Boone and Minnow, two male gray seals, have joined the other pinnipeds on regular rotation at the Louisville Zoo’s Glacier Run exhibit. Both seals come to Louisville from Chicago’s Brookfield Zoo.
Minnow (bottom right), who is 31 years old, and Boone (top right),13, join California sea lions Triton (28), Bart (25), Gremlin (14), Riva (4), along with harbor seal Toney (16) and gray seal Rona (4) in the popular habitat.
The Louisville Zoo has a rich history with this species of animal. Eight seal pups have been born at the Zoo and when twin seal pups were born in 1979, they were the first twins to be documented in a managed system such as a Zoo.
Gray seals are natively found in temperate and subarctic waters on both sides of the North Atlantic. Seals have good senses to help them hunt. Their eyesight is excellent because of the time they spend underwater. Baby seals, called pups, are born with a soft, white hair coat called the lanugo. By the time they are weaned the lanugo is molted and the pups assume the adult coloration. Seal pups don’t swim until they have molted. Seal pups are weaned after nursing only four weeks during which they gain 100 pounds. Gray seals can sleep underwater for up to 30 minutes at a time. This species can be distinguished from harbor seals by their longer noses, wider set nostrils and size, which is approximately twice as large as harbor seals. They primarily eat fish.
The Louisville Zoo, a nonprofit organization and state zoo of Kentucky, is dedicated to bettering the bond between people and our planet by providing excellent care for animals, a great experience for visitors, and leadership in scientific research and conservation education. The Zoo is accredited by the American Alliance of Museums (AAM) and by the Association of Zoos and Aquariums (AZA).
You can visit the Louisville zoo at 1100 Trevilian Way. Gates are open 10am through 5pm until September 23. From September 23 through March 15, gates are open 10am to 4pm.
Carolyn E. Congleton, DVM
Louisville Metro Animal Services
Each summer Louisville Veterinarians treat numerous cases of heat-stroke and heat-exhaustion in pets. Unfortunately some of these cases end in pet death; sadly nearly 100 % of these cases are preventable. Most heat related deaths are in dogs and horses but sometimes cats can be victims of heat-related illness as well. In dogs the scenario is usually related to “forced exercise” or being left unattended in a car. Very rarely is a free-roaming dog victim of heat-stoke. A dog being chained outside without proper water and shade is also at risk of illness or death.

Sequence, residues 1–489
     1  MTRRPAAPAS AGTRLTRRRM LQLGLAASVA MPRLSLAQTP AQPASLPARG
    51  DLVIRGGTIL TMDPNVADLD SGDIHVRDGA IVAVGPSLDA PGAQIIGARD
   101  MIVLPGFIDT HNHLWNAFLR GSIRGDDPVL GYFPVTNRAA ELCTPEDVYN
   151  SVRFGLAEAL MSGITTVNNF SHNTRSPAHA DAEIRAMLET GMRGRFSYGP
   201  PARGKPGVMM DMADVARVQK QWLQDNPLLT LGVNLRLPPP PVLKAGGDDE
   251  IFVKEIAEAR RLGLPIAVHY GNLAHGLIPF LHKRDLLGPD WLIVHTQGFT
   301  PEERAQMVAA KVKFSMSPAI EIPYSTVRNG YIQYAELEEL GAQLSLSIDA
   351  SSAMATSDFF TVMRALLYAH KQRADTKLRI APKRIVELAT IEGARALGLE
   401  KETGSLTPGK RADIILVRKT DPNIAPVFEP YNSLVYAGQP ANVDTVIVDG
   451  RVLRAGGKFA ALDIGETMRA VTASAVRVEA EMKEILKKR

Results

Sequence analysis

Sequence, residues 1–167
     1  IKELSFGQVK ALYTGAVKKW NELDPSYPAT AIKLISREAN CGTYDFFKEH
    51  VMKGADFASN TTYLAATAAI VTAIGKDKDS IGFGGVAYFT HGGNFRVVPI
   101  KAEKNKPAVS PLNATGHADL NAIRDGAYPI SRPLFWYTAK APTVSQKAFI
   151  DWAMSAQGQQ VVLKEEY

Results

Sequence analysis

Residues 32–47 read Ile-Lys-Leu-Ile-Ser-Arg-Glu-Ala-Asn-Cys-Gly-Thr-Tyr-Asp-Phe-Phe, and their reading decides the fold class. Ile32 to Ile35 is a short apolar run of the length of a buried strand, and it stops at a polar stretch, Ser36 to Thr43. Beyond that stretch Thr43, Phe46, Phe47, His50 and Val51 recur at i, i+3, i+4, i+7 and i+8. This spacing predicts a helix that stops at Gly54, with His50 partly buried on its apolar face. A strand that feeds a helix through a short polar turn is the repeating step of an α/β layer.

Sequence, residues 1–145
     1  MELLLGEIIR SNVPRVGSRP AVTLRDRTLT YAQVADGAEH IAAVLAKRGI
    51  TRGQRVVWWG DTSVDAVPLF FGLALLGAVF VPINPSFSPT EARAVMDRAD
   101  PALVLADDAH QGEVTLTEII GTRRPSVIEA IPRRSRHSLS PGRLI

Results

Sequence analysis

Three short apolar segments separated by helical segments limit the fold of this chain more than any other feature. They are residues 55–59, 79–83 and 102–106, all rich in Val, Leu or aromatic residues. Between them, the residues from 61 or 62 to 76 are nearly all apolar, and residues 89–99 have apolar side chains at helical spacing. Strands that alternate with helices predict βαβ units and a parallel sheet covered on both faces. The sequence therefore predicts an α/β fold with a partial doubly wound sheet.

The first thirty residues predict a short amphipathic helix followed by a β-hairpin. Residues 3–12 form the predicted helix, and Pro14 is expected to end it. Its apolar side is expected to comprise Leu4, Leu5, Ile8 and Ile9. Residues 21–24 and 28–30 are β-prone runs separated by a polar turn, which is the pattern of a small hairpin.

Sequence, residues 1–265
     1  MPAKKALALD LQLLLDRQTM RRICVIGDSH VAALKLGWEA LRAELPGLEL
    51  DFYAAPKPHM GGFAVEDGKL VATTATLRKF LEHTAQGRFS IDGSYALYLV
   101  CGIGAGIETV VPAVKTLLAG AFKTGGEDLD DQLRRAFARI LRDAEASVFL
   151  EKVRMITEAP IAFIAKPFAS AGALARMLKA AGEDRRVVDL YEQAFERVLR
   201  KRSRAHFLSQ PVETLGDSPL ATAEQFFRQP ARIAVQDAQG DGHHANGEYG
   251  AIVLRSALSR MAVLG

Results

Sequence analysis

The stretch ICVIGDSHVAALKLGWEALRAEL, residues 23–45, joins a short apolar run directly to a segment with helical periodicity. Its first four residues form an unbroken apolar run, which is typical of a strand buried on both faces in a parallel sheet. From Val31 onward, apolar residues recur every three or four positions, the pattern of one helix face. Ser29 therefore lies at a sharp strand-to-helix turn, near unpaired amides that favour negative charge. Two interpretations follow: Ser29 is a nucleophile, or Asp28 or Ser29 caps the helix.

Dogs should always have access to fresh water and shade or shelter at all times. A dog house with ice water inside is preferable. A large tree in the back yard is excellent shade for people and pets. Because dogs cannot sweat like people they have a hard time regulating their body temperature during exercise. If they are pulled by a leash they can’t voluntarily stop (like we humans can), they just have to keep going even though they are exhausted! If you jog with your pet do so in the early morning before extreme heat. Always watch your pooch for signs of exhaustion such as excessive panting or salivating.
The normal body temperature for a dog in the summer is 101-102 F, temperatures above 105 are in the danger zone and your pet is in trouble. If you have a hunting dog do not hunt in the heat of the day, hunting is also considered forced exercise. Never leave your dog or cat in a parked car. The temperature can skyrocket in a matter of minutes and your pooch could parish!
If you have a horse that is exercised be sure to have water available and remember there should be a “cooling-down period”. Horses transported in trailers need good ventilation and fresh water. Do not leave your horse unattended in a trailer.
For more information contact your local Veterinarian or the American Veterinary Medical Association at www.avma.org